For many people with endometriosis, the symptoms associated with the condition can impact significant areas of their lives. From painful bowel movements and urination to painful periods or pain during intercourse, it is a condition that can be debilitating. Now, as ABC News reported, a new treatment for endometriosis pain just got approved by the FDA and the way it works is really fascinating.
Endometriosis is a disorder in which the tissue that normally lines the inside of someone's uterus (known as the endometrium) grows outside of the uterus, as explained by the Mayo Clinic. The Mayo Clinic goes on to explain that the condition most commonly involves someone's ovaries, fallopian tubes, and the tissue lining their pelvis. Endometrial tissue rarely spreads beyond pelvic organs.
To some, endometriosis might not sound like a serious issue. It's just extra tissue, after all. But, as the Mayo Clinic breaks down, displaced endometrial tissue will behave as it normally would. In order words, it will thicken then break down and bleed with each menstrual cycle. Because the tissue is displaced, it has no way to exit someone's body and becomes trapped, which can lead to surrounding tissue becoming irritated.
In the past, treatment usually began with over-the-counter pain relievers, opioid painkillers, and birth control pills. But a new drug, Orilissa, is about to change it all up.
The condition itself is not uncommon. Approximately one in 10 women of reproductive age have endometriosis, according to ABC News. The Endometriosis Foundation of America estimated that the condition affects 200 million women worldwide. The Endometriosis Foundation of America notes that although endometriosis is more common during reproductive years (25 to 35 years old), it can affect people as young as 11 years old.
The symptoms of endometriosis can sometimes be mistaken for general period pain. Which means, as noted by Business Insider, it can sometimes take 10 years to receive an accurate diagnosis. And once that diagnosis is received, the treatment options aren't all that great. Cue Orilissa.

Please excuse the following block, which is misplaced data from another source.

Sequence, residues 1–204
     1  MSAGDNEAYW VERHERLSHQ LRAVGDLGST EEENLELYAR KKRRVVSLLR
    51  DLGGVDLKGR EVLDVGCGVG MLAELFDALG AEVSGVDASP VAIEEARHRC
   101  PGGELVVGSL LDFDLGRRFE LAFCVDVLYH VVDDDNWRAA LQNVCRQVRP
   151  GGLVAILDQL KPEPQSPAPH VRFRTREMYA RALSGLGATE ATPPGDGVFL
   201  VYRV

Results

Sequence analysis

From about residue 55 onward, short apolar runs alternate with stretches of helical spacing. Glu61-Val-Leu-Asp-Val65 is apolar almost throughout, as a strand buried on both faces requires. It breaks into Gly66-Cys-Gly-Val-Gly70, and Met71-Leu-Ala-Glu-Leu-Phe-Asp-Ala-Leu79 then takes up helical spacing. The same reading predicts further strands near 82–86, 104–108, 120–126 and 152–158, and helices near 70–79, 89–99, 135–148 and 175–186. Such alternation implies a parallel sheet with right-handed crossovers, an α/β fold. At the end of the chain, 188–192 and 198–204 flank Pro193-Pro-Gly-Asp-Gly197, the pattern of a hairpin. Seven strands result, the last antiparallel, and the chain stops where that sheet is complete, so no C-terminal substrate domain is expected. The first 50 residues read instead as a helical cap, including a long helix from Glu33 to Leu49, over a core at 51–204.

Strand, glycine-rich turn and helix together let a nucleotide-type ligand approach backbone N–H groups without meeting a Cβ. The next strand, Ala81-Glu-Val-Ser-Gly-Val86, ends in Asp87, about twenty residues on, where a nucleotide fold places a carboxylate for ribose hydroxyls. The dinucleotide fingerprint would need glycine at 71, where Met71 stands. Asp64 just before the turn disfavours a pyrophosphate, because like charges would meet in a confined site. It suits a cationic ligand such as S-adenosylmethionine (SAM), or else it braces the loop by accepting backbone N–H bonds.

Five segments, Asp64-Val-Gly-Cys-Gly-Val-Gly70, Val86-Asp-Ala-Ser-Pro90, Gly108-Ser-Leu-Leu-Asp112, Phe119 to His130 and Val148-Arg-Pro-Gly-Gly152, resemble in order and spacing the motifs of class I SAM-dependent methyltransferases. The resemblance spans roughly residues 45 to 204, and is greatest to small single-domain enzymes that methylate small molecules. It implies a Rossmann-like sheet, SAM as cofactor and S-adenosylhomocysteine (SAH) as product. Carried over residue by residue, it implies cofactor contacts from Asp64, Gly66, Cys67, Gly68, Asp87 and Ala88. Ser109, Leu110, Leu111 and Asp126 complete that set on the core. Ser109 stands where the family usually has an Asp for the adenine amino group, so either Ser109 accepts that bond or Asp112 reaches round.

Orilissa is a new pill that works by reducing the production of estrogen, according to ABC News. Although it has caused side effects in some participants during testing, the news outlet reported, ranging from hot flashes and headaches to bone thinning, it has been shown to reduce menstrual pain.
In cooperating with Neurocrine Biosciences, Inc., AbbVIE announced the U.S. FDA's approval of Orilissa on Tuesday. According to RTT News, it is the first and only "oral gonadotropin-releasing hormone antagonist" specifically developed for women with moderate to severe endometriosis pain.
In testing, according to The Chicago Sun Times, "Orilissa reduced menstrual pain in about 45 percent of women given a low dose and 75 percent in those given a high dose."
Some people might be wondering why endometriosis hasn't had adequate treatment plans prior to this. Of course, there's general issues with how the health care system approaches women, including disbelieving them when they report on their own bodies and pain levels.
In addition to socialized factors, it's also important to remember that the healthcare industry is ultimately constructed as a business — hence the word "industry." If there's no market in a condition, it is not going to receive funding, and advancements will not be made.
Now, the market for endometriosis sits at $6.8 billion, according to Business Insider. Orilissa, which is a daily pill, will cost $845 every four weeks without insurance, as reported by ABC News.
It's great that Orilissa has been developed and it will hopefully benefit many people living with this condition.